From quantum computers to magnets in the Large Hadron Collider, superconductors have many uses, but they typically need to be cooled at temperatures near absolute zero to achieve their superconductive state. However, according to EE Times, a team of Canadian and German researchers say they've managed to develop a superconductive material that could operate at room temperature. Rather than supercooling the material, the researchers were able to "super-compress" it. EE Times explains:
The new family of superconductors are based on a hydrogen compound called "silane," which is the silicon analog of methane--combining a single silicon atom with four hydrogen atoms to form a molecular hydride. (Methane is a single carbon atom with four hydrogens).
Researchers have speculated for years that hydrogen under enough pressure would superconduct at room temperature, but have been unable to achieve the necessary conditions (hydrogen is the most difficult element to compress). The Canadian and German researchers attributed their success to adding hydrogen to a compound with silicon that reduced the amount of compression needed to achieve superconductivity.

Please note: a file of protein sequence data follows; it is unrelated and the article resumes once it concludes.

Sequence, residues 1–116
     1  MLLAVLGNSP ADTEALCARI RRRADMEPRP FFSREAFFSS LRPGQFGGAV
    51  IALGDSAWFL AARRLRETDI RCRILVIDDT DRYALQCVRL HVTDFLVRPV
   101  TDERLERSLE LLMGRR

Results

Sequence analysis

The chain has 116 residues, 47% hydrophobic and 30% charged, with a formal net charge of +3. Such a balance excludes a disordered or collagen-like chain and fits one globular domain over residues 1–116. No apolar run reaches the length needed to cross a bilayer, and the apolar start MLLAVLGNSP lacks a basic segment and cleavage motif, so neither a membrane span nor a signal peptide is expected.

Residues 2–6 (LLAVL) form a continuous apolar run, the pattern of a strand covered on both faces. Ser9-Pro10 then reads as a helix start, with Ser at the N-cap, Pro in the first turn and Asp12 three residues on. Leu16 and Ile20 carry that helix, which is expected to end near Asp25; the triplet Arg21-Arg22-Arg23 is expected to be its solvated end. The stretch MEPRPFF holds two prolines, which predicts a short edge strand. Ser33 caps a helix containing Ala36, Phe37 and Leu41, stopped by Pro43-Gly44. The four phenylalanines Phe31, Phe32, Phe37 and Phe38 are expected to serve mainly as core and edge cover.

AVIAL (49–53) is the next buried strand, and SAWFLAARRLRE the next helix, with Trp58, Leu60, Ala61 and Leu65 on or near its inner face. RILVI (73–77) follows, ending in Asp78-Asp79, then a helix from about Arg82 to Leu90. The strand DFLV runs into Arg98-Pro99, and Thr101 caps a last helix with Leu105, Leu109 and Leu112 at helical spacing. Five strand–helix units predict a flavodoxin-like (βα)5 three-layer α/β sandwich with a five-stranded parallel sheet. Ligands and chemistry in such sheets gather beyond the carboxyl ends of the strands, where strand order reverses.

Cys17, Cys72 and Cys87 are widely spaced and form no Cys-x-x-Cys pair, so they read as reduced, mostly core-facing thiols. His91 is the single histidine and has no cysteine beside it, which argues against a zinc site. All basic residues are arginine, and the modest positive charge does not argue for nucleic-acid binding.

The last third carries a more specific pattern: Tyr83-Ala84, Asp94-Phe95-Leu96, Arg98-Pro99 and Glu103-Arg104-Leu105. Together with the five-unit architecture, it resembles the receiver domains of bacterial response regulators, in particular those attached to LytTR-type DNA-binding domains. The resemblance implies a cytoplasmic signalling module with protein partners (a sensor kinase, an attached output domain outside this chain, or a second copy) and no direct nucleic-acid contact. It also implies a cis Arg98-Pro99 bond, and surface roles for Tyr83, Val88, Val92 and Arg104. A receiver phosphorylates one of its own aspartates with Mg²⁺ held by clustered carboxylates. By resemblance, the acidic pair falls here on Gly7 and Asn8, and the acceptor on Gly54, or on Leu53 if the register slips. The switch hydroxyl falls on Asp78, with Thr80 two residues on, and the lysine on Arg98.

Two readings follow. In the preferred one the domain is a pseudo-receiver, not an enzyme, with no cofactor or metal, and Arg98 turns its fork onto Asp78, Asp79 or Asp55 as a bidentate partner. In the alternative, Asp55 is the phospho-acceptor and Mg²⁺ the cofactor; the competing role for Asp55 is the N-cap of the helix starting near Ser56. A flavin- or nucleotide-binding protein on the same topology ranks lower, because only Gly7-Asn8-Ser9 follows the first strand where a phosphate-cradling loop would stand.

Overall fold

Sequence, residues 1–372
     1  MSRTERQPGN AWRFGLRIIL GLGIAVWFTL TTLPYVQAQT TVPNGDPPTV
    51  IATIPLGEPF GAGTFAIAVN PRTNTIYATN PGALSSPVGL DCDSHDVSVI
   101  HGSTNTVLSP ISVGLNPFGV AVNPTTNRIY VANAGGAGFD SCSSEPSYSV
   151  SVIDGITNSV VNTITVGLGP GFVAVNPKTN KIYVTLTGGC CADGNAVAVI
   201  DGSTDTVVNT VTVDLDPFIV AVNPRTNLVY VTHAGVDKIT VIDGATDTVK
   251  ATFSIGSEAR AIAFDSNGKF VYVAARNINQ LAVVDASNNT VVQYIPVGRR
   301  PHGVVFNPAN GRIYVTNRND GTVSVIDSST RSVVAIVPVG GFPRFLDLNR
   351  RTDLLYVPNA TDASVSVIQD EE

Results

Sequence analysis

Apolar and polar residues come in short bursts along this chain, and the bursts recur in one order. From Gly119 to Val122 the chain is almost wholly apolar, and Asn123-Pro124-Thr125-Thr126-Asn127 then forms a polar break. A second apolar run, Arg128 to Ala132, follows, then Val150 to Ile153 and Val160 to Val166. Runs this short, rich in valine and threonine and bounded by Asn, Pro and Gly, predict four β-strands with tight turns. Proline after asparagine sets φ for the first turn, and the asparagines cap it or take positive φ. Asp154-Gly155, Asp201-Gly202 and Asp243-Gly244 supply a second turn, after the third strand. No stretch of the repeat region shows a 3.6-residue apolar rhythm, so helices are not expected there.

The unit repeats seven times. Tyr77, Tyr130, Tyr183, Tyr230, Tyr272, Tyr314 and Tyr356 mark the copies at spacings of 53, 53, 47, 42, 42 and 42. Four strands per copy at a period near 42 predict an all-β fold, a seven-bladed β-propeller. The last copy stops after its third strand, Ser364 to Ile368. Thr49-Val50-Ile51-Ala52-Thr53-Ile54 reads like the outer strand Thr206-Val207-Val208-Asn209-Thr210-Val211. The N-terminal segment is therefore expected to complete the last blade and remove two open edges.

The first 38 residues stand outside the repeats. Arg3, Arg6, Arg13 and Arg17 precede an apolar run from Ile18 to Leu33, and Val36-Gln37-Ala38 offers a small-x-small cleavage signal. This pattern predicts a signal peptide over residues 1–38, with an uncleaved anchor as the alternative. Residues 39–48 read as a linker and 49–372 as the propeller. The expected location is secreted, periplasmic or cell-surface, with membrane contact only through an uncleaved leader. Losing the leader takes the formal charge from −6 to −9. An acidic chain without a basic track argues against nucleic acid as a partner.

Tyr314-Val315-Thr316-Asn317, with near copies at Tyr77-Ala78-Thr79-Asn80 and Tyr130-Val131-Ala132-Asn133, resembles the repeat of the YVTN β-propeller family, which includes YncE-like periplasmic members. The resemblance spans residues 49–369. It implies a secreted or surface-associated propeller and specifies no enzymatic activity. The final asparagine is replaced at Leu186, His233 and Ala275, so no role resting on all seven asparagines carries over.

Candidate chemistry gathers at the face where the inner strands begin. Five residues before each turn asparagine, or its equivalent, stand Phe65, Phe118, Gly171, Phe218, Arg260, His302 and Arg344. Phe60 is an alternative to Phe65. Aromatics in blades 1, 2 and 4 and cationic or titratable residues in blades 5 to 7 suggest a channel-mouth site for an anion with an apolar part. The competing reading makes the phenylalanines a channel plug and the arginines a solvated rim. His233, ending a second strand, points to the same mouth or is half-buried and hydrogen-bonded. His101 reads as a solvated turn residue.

Presumably, by side-stepping the considerable cooling requirements of conventional superconductors, silane could allow superconductivity to be achieved at much lower cost—perhaps increasing the number of its applications.
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